DEATH WISH 3 - There is such a gleeful craziness to the New York City neighborhood Paul Kersey ventures into in this film. It always puts a smile on my face. There are too many highlights to mention, but the scene when Kersey confronts a couple of thieves breaking into his car always stands out. The uprising against the gang at the conclusion is an amazing sequence. A couple years ago, during one my darkest times, this film made me laugh. That was a big achievement.

    What films would you consider yourselves thankful for?

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    1. "They killed the Giggler!"

      A perfect excuse to go out to buy ice cream.

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  8. Just watched "KONG: SKULL ISLAND" and I thought it was a decent watch. The plot/story is what you would expect. The visuals/camera work is interesting and appealing. The acting is on point but at times, at least from my p.o.v, was phoned in a bit. I really liked "THE KINGS OF SUMMER" and this was a decent film, being his first major blockbuster, from director Jordan Vogt-Roberts.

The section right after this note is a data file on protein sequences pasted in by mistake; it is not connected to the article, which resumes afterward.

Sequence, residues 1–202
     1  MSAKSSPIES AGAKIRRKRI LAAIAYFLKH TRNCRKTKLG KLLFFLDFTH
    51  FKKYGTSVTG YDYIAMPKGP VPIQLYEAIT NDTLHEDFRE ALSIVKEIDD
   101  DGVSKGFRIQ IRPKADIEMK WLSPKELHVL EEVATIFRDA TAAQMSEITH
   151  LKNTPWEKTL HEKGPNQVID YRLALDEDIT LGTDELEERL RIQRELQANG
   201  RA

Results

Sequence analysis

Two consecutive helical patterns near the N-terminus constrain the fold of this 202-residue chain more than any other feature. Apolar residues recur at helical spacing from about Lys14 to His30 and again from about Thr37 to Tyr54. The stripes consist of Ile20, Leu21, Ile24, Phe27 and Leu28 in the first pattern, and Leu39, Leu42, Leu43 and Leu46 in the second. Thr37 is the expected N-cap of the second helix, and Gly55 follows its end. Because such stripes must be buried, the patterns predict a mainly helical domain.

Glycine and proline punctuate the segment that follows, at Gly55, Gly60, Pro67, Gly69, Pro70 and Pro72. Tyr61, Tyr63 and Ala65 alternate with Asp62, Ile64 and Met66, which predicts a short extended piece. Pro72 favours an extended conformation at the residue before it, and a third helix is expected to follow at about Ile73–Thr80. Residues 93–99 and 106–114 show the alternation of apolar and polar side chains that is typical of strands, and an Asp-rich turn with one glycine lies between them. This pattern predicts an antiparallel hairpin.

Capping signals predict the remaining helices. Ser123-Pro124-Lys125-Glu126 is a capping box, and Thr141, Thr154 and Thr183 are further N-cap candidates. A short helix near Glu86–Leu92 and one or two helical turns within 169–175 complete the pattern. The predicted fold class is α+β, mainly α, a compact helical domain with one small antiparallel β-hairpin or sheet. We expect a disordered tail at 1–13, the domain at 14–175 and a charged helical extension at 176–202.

If this is an attempt at said "Monster-verse" than I'll be infor at least the next film in said universe.

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    1. it is an attempt at the monster-verse. but contrary to DC, they take their time, not cramming the movie with other movies to create their universe. just a bit around the middle of the movie, and a post-credit scene.

      i liked it a lot despite the bland characters. as a summer action flick, it worked for me

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    2. Is that one supposed to link into Godzilla? Or are they going to be fighting Ant Man? I can’t keep track of these universes anymore...

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  9. The Man From Earth: i think i'm in love with that movie. this is my 3rd or 4th viewing. they just released a special edition of the movie with better video quality (they did what they could with the source material). the blu-ray also contain a great documentary about the making of the movie. if you ever plan to watch it, do yourself a favor and don't read anything about it, don't even watch the trailer. this is a MUST watch